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I am working on a client's website which is currently hosted on an external remote server. I downloaded a copy of the site to my local computer, which is running a 'LAMP stack' set up on Arch Linux, to use as a development version.

The site is built with WordPress, so the site's domain is stored in the database and this is used whenever links are generated on the site. So, to save from editing the database I configured the site in Apache with a virtual host and set the server's domain name to be the same as that of the 'live' site, e.g. in my 'vhosts.conf' file...

ServerName    live-domain-name.co.uk
ServerAlias   *.live-domain-name.co.uk


I also added the domain to my local 'hosts' file as:

127.0.0.1    live-domain-name.co.uk


What I would like to be able to do is access both sites from my browser, at least so that if I have Apache running I get my local copy of the site, but if Apache isn't running then I get the 'real' version of the site!


I have added 127.0.0.1 as the first 'nameserver' entry in my /etc/resolv.conf file, the second being my internet router's IP and I also have one of Goolge's public DNS servers as the third. However even when Apache is not running $ ping ... still shows the IP for the domain as 127.0.0.1!


I'm guessing that I need some kind of DNS resolver that will check my localhost first but if the site is not found (i.e. Apache is not running) then it will fall-back to using one of the other DNS servers! -- only I have no clue about installing and configuring a DNS server/forwarder...

Can anyone help me please?

  • I honestly thought that this would be/should be 'simple'... I mean "look here first, then if it's not found look here instead"... BUT I think I'm really failing to understand how DNS works! :( – Chris Dec 5 '13 at 12:23
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I think the method suggested by @piercedRichard (i.e. delete entry from /etc/hosts when apache is down) is workable...

but I can also think of a twisted way (using iptables) to route the ip address of live-domain-name.co.uk back to localhost. I think this will be a lot more robust - because DNS resolution will be cached and apart from fixing /etc/hosts you'd also have to flush dns 'caches' at the OS layer and in some browsers (firefox for example). Changes to iptables should be instant ...

perhaps something like (redirect to local):

iptables -t nat -A OUTPUT -p tcp --dst live-ip --dport 80 -j DNAT --to-destination 127.0.0.1:80

delete rule (stop redirection):

iptables -t nat -D OUTPUT -p tcp --dst live-ip --dport 80 -j DNAT --to-destination 127.0.0.1:80

As far as detecting whether apache is up or not -- either put the iptables rules in your /etc/init.d/apache2 file --
or write a script that tries connecting to localhost:80, if ok, then create rule else delete rule...

  • Nice thinking. I never would have thought about using iptables. – Mat Carlson Dec 4 '13 at 22:51
  • I was hoping to find a solution that didn't require me to edit something each time I wanted to change between the local and live sites, something that would just 'work' :D -- However if I am going to have to edit something manually each time then I might as well just comment/un-comment the appropriate line in the '/etc/hosts' file as this is admittedly rather trivial. -- Your solution does indeed offer some benefits however and +1'd for it's technical merit alone! :) – Chris Dec 5 '13 at 12:19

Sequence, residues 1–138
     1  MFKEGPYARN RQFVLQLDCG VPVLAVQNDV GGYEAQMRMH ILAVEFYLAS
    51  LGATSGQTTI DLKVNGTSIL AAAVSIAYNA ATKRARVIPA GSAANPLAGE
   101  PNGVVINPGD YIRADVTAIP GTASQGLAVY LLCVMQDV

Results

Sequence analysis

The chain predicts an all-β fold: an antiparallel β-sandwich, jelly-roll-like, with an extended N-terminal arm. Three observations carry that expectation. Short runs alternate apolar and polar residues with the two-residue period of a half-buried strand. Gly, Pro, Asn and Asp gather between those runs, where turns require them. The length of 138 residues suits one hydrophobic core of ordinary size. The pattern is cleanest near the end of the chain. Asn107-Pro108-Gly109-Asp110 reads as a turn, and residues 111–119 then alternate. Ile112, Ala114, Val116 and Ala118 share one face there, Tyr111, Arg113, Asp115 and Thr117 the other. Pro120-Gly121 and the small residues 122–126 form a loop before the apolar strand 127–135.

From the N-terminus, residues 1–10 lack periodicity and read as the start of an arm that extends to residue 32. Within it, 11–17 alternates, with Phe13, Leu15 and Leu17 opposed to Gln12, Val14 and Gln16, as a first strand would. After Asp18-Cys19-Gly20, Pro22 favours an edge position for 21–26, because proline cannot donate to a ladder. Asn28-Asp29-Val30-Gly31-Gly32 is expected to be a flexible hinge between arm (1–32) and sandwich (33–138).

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Most OSes will resolve from their hosts file before they try finding a DNS server. If you remove (or comment out) that line from hosts, it will then query the DNS server and find that it's a remote IP.

You may also have to change the hostname, if it's set to the same, as hostname may be used to resolve IPs as well (at least by some systems in Linux).

hosts.conf man page - See more information about the order directive.

  • There is an option in the DNSmasq config file to prevent it from reading the 'hosts' file ("no-hosts"), surely this implies that the DNS is processed first? -- However my 'host.conf' does have the order directive configured as 'hosts,bind'! – Chris Dec 5 '13 at 12:12
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    My alternative answer is to use a separate server alias like live-domain-name.co.uk.int instead - So your test site is the non-public domain, and your live site remains unchanged. You can also create test.live-domain-name.co.uk, which has a DNS A record with the IP of your testing server - You can then access it anywhere you can access the server. Most companies run several subdomains for testing - Sometimes live on the public web, but behind a password prompt. – Mat Carlson Dec 5 '13 at 16:04
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    DNSMasq operates as a DNS server, whereas Bind operates as a DNS client on your system (unless you install/enable the server component). Your computer is probably set to read hosts, then Bind. Bind then checks with your primary DNS server, DNSMasq on itself, which then reads your host file for entries before forwarding the request out (if not found in hosts). – Mat Carlson Dec 5 '13 at 16:07

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